There are two main types of cannabinoid receptors: CB1 and CB2. CB1 is highly expressed in the brain and regulates the release of neurotransmitters. It is also the primary psychoactive receptor. There are no CB1 receptors in the brainstem, which is why people can't overdose on cannabis the way they can overdose on other drugs. CB2, on the other hand, is expressed most in the body, and deals more with the immune system and anti-inflammatory properties.


The discovery of this system furthered our understanding of health and disease, resulted in major implications for nearly all areas of medical science, and explained how and why CBD and THC are such versatile compounds.


The ECS helps the body maintain homeostasis, which means it helps keep a person's internal environment stable and optimal regardless of that person's external environment. It regulates the everyday physiological processes that keep people alive—mood, energy level, memory, appetite, intestinal fortitude, immune activity, blood pressure, bone density, glucose metabolism, how people experience pain, stress, hunger, and more. It even protects nerves and cells. When something isn't quite right, the body activates the ECS to correct whatever is amiss.


When the ECS isn't functioning properly, whether it is deficient or overactive, the result is disease. The ECS is irregular in many pathological conditions. Using cannabis to regulate and improve the state of the ECS has potential therapeutic benefits in many diseases that affect humans. CBD and THC can slow or even stop disease progression in some cases.


Medical Usage


Many people seek out alternatives to pharmaceuticals, whether it is out of a concern of experiencing side effects from pharmaceuticals or a wish to find a naturally-occurring therapeutic solution to their ills. Considering the low-risk profile of CBD, many people feel comfortable using it to supplement existing treatment plans.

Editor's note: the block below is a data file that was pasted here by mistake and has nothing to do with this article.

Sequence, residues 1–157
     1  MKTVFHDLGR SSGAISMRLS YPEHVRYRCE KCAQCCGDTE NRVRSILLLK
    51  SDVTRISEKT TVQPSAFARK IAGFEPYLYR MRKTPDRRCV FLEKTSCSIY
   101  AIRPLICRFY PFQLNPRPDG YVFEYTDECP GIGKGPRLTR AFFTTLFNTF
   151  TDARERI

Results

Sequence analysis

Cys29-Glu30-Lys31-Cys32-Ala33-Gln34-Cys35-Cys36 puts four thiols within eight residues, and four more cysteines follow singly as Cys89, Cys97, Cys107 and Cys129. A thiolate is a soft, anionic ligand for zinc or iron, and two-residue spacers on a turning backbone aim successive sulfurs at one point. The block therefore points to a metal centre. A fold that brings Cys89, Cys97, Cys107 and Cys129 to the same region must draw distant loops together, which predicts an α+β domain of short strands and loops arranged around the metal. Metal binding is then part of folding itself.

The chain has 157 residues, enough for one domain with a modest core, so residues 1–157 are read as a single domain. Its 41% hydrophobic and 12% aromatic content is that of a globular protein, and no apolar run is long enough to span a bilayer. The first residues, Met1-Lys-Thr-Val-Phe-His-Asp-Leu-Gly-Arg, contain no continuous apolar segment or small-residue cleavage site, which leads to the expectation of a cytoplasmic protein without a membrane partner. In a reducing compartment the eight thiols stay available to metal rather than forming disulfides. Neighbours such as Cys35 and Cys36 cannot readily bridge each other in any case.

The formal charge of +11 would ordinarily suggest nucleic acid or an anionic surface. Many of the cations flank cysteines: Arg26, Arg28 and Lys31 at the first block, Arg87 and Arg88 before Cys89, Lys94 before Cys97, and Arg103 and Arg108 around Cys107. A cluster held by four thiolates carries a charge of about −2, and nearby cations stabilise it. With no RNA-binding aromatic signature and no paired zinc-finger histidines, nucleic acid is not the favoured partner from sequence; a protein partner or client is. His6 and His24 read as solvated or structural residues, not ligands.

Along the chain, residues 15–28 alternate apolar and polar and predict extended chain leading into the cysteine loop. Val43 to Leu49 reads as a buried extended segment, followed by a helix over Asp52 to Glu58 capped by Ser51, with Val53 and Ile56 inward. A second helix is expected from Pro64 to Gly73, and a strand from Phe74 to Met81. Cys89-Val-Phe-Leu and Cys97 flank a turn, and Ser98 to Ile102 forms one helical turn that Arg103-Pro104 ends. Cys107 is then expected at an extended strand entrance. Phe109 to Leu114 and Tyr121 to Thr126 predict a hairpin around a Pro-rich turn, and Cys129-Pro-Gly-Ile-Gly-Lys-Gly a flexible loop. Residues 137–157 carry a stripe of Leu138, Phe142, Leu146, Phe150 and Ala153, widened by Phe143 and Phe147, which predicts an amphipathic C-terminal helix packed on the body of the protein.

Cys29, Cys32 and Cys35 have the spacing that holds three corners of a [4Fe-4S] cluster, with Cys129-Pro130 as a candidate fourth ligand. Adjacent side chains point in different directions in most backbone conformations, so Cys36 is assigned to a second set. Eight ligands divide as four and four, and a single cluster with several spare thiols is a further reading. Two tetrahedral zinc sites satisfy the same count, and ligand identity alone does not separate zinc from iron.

Extensive scientific research–much of it sponsored by the U.S. government–and steady growth in anecdotal accounts from patients and physicians highlight CBD's potential as a treatment for a wide range of maladies and conditions, including (but not limited to):


·         Autoimmune diseases (inflammation, rheumatoid arthritis)

·         Neurological conditions (Alzheimer’s, dementia, Parkinson’s, multiple sclerosis, epilepsy,

          Huntington’s chorea, stroke, traumatic brain injury)

·         Metabolic syndrome (diabetes, obesity)

·         Neuropsychiatric illness (autism, ADHD, PTSD, alcoholism, depression, anxiety)

·         Gut disorders (colitis, Crohn’s)

·         Cardiovascular dysfunction (atherosclerosis, arrhythmia)

·         Skin disease (acne, dermatitis, psoriasis)

·         Cancer

·         Chronic pain, inflammation, and many other conditions


CBD has even been shown to stimulate neurogenesis, or the growth of new brain cells.


It is not just low-THC or no-THC products that hold health benefits, however. Many studies show that CBD works best in conjunction with THC and the full spectrum of cannabinoids found in the cannabis plant. THC has properties that are associated with easing nausea and pain, as well as serving as a muscle relaxant and a potent anti-inflammatory agent.